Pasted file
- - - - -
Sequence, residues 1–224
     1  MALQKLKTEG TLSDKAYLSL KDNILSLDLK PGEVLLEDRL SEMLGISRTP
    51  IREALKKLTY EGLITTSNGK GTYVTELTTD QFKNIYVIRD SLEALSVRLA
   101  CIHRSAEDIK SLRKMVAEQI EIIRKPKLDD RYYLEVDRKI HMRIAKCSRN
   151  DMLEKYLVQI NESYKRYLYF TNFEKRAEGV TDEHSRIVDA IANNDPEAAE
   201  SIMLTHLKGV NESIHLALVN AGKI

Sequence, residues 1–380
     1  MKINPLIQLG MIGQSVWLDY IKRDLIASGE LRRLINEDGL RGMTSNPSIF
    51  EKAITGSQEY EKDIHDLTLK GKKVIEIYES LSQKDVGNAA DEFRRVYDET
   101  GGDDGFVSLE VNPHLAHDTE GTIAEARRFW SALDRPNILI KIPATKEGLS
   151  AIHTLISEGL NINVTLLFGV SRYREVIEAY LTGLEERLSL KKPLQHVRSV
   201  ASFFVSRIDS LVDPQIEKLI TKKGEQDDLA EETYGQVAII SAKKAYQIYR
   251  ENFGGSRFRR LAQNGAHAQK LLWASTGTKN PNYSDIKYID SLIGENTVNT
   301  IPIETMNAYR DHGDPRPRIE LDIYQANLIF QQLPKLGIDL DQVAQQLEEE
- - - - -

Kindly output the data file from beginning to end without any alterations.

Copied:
Sequence, residues 1–224
     1  MALQKLKTEG TLSDKAYLSL KDNILSLDLK PGEVLLEDRL SEMLGISRTP
    51  IREALKKLTY EGLITTSNGK GTYVTELTTD QFKNIYVIRD SLEALSVRLA
   101  CIHRSAEDIK SLRKMVAEQI EIIRKPKLDD RYYLEVDRKI HMRIAKCSRN
   151  DMLEKYLVQI NESYKRYLYF TNFEKRAEGV TDEHSRIVDA IANNDPEAAE
   201  SIMLTHLKGV NESIHLALVN AGKI

Sequence, residues 1–380
     1  MKINPLIQLG MIGQSVWLDY IKRDLIASGE LRRLINEDGL RGMTSNPSIF
    51  EKAITGSQEY EKDIHDLTLK GKKVIEIYES LSQKDVGNAA DEFRRVYDET
   101  GGDDGFVSLE VNPHLAHDTE GTIAEARRFW SALDRPNILI KIPATKEGLS
   151  AIHTLISEGL NINVTLLFGV SRYREVIEAY LTGLEERLSL KKPLQHVRSV
   201  ASFFVSRIDS LVDPQIEKLI TKKGEQDDLA EETYGQVAII SAKKAYQIYR
   251  ENFGGSRFRR LAQNGAHAQK LLWASTGTKN PNYSDIKYID SLIGENTVNT
   301  IPIETMNAYR DHGDPRPRIE LDIYQANLIF QQLPKLGIDL DQVAQQLEEE